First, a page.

Everyone knows that divorce can be difficult and tolling, but could the ending of your marriage actually cause you to die early?
That depends on how you interpret research from the University of Arizona that suggests divorced adults are more prone to early death than married adults. The findings were based on a meta-analysis of more than 30 past studies, USA Today reported.
After tracking divorcees and married couples for 11 years, researchers found the risk of dying early to be 23 percent greater among divorced adults than married adults. Researchers even compared the negative health effects of divorce to those associated with smoking, being overweight and heavy drinking.
However, it's important to verify that the study did not conclusively determine that divorce causes premature death, USA Today reported. The study's lead author also pointed out that people should not interpret the study as meaning divorce is bad for your health while marriage is good.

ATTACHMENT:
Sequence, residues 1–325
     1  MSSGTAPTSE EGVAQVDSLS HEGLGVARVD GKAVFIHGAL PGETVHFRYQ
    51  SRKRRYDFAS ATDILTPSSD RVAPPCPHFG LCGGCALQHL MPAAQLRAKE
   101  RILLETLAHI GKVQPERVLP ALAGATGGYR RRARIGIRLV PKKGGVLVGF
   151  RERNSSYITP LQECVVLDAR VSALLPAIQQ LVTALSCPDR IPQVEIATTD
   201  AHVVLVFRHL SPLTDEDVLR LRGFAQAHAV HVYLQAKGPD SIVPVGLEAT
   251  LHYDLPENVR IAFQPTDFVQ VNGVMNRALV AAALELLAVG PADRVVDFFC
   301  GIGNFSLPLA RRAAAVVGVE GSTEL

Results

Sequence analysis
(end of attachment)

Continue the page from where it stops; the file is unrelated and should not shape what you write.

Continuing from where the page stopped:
In fact, the author said other research has shown that most divorcees go on to lead happy, fulfilling lives. But there are about 10 percent of divorced adults who struggle emotionally, which can have an adverse effect on health, he said. For example, depression can lead to cardiovascular disease, he explained.
Another issue posed by USA Today was whether the poor health was caused by divorce, or if the divorce was caused by poor health habits? The lead researcher said that there are likely factors that increase the likelihood for both divorce and early death, like substance abuse.
What we can take from this information is the importance of handling your divorce in the healthiest way possible. For many, this is done with the assistance of an experienced family law attorney who can be both an advocate and a shoulder to lean on.
Source: USA Today, "UA study: Divorce can raise risk of early death," Anne Ryman, Jan. 10, 2012